LOS ANGELES (AP) – Foie gras lovers are rejoicing after a federal judge in Los Angeles blocked California’s ban on the sale of the fatty duck and goose liver.
Judge Stephen V. Wilson on Wednesday permanently blocked the state attorney general from enforcing the law that took effect two years ago.
Wilson found that the federal government’s authority to regulate foie gras and other poultry products supersedes the state’s authority.
California barred farmers from force-feeding birds with a tube, which is how foie gras is produced. The state also banned sales of the delicacy.
The Hermosa Beach restaurant Hot’s Kitchen, and foie gras farmers in Canada and New York sued.
Their attorney, Michael Tenenbaum, called the ruling a victory “not just for foie gras but for freedom.”
U.S. District Judge Stephen Wilson of the Central District of California on Wednesday afternoon struck down the state’s ban on the sale of foie gras, which took effect in July 2012 under a 2004 law. Sales may resume immediately and restaurant chefs across California jubilantly announced that they would start serving the fatty duck or goose liver, an emblem of traditional French cuisine, at dinner that very evening.
Chef Ken Frank, an outspoken opponent of the ban for years, said that he would be offering foie gras with persimmons as an appetizer, and foie gras and truffle-stuffed capon as an entree at his restaurant La Toque in Napa on Wednesday night.
“I’ve been jumping up and down all day,” Frank said. “I’ve been waiting over two years for this. Before the ban, foie gras was the most popular item on our menu, and I expect it will be again starting tonight.”
Wednesday’s ruling stems from a lawsuit filed against California Attorney General Kamala Harris by foie gras producers in New York and Quebec, along with a California-based restaurant group, the day after the ban took effect. The suit was dealt several blows as it proceeded through the courts — most recently in October, when the U.S. Supreme Court declined to hear arguments on a preliminary injunction that would have allowed foie gras sales to resume right away. But Wilson’s 15-page decision shows he ultimately agreed with the plaintiffs’ contention that the California law was “preempted” by the federal Poultry Products Inspection Act, which gives the U.S. Department of Agriculture sole jurisdiction over the ingredients allowed in poultry products.
On a call with The Huffington Post, plaintiffs’ attorney Michael Tenenbaum hailed the decision as “not just a victory for foie gras, but a victory for freedom.”
Jot Condie, president and CEO of the California Restaurant Association, agreed. “We think it’s a great day for restaurants and chefs,” he said. “They’re back in control of their kitchens and menus, and they once again have the freedom to prepare and serve a USDA-approved product to their customers.”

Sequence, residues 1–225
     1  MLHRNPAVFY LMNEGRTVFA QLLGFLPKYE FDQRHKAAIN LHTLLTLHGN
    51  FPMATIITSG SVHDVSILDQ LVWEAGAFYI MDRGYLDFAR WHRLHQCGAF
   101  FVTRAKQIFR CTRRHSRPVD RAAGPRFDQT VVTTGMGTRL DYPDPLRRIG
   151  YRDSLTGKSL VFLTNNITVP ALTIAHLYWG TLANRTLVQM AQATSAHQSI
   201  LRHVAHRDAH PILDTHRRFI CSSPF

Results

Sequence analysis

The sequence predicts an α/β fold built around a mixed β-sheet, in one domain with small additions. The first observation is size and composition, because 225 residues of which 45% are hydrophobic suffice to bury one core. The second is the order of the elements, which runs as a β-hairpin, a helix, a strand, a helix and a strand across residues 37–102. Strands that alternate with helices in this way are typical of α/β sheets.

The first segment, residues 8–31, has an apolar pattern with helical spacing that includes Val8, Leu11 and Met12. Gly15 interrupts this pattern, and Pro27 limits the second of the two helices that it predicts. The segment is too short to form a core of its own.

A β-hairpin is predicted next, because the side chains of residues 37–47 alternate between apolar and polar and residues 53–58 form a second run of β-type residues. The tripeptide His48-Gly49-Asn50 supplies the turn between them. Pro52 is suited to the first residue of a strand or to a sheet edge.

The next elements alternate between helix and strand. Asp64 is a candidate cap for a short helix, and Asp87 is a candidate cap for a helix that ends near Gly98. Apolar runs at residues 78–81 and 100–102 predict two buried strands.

Not everyone was enthusiastic about the decision. Animal welfare groups have long argued that the production of foie gras, which involves force-feeding ducks and geese to increase the size and fat content of their livers, amounts to animal cruelty. It was their advocacy that convinced California legislators to write the law in the first place.
“California lawmakers conducted a serious-minded debate about farm animal welfare in 2004, passing a bill to phase out the cruel force-feeding of ducks and the sale of foie gras if it comes from that inhumane process,” Wayne Pacelle, Humane Society of the United States president, said in a statement.
“The state clearly has the right to ban the sale of the products of animal cruelty,” Pacelle continued. He said he expected the 9th U.S. Circuit Court of Appeals will uphold the law, “as it did in the previous round of litigation.”
The Attorney General’s office was “reviewing the decision,” a spokesman said. He said he couldn’t comment on a possible appeal. The state has until Feb. 6 to appeal, so Californian foie gras fans might be wise to gorge themselves on liver while the gorging is good.
Regardless, one provision of the law will remain in place: A ban on the production of foie gras within the state. Because the plaintiffs in the case are foie gras vendors, not producers, they did not contest the part of the law that made it illegal to “force feed a bird for the purpose of enlarging the bird’s liver beyond normal size, or hire another person to do so.”
That means Wednesday’s decision will provide little succor to the Gonzalez family, which owned California-based Sonoma-Artisan Foie Gras until it was forced to shut down in 2012. Reached by phone on Wednesday afternoon, Junny Gonzalez said her husband Guillermo, who was in charge of the foie gras farm, wasn’t available to comment on the decision because he was out of the state looking for another place to do business.